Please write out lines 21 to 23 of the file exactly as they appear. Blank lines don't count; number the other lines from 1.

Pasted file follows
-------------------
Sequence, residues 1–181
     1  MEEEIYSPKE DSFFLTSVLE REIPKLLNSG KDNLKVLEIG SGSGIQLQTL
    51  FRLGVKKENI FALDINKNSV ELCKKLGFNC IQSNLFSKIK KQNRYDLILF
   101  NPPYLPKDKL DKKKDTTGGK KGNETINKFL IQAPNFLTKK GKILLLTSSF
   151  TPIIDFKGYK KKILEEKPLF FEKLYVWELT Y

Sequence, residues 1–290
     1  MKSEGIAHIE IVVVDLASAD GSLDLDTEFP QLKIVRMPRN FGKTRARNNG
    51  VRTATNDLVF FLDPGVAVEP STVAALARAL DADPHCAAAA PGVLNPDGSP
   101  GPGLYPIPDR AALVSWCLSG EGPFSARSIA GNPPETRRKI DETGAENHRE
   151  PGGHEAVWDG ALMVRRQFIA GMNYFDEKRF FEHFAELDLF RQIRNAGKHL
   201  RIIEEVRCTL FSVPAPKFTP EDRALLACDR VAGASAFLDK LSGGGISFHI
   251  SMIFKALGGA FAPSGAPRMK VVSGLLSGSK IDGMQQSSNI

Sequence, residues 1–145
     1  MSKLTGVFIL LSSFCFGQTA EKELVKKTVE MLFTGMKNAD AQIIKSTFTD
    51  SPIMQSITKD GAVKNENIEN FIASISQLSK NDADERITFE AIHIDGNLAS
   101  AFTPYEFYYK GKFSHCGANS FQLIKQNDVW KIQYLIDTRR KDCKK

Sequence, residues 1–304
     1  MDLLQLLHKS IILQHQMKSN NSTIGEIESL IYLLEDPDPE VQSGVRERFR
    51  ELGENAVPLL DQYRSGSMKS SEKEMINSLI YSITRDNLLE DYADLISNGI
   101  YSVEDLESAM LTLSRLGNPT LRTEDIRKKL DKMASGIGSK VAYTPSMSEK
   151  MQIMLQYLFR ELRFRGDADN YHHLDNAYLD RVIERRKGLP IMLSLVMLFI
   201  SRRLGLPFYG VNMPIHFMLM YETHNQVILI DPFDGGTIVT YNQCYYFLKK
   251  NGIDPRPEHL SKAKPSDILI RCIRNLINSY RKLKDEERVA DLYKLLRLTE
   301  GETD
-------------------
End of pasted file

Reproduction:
   151  MQIMLQYLFR ELRFRGDADN YHHLDNAYLD RVIERRKGLP IMLSLVMLFI
   201  SRRLGLPFYG VNMPIHFMLM YETHNQVILI DPFDGGTIVT YNQCYYFLKK
   251  NGIDPRPEHL SKAKPSDILI RCIRNLINSY RKLKDEERVA DLYKLLRLTE